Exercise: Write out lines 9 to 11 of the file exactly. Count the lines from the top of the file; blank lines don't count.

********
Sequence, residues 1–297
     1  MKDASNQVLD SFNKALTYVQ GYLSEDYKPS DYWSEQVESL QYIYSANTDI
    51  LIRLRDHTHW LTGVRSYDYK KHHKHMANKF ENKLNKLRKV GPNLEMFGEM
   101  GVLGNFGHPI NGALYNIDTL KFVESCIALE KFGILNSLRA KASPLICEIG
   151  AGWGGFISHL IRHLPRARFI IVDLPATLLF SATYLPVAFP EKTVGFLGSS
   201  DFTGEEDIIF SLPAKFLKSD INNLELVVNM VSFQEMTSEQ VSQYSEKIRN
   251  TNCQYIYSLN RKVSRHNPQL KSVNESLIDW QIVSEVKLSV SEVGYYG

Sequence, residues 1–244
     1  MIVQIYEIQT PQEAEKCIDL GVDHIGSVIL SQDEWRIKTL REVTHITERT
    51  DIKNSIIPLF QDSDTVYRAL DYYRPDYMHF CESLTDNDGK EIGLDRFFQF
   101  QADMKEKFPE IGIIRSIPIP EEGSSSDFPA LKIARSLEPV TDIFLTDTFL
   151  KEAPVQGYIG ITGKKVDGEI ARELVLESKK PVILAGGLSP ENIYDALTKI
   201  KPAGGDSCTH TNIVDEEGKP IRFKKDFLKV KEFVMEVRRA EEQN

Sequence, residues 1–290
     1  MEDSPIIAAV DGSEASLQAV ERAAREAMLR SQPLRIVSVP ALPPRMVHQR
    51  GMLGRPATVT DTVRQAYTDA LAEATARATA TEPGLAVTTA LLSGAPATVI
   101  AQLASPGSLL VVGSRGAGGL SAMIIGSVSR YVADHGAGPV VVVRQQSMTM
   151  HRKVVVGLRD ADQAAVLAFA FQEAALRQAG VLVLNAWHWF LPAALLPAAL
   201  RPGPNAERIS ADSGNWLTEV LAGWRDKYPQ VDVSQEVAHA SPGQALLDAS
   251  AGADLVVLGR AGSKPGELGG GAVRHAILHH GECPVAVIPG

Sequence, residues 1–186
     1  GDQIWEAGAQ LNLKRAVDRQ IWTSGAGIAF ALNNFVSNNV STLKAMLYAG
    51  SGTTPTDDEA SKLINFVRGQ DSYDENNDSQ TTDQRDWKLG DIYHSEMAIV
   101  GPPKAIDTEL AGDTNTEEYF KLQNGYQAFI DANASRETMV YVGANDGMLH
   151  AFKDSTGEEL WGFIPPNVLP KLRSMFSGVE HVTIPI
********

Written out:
     1  MIVQIYEIQT PQEAEKCIDL GVDHIGSVIL SQDEWRIKTL REVTHITERT
    51  DIKNSIIPLF QDSDTVYRAL DYYRPDYMHF CESLTDNDGK EIGLDRFFQF
   101  QADMKEKFPE IGIIRSIPIP EEGSSSDFPA LKIARSLEPV TDIFLTDTFL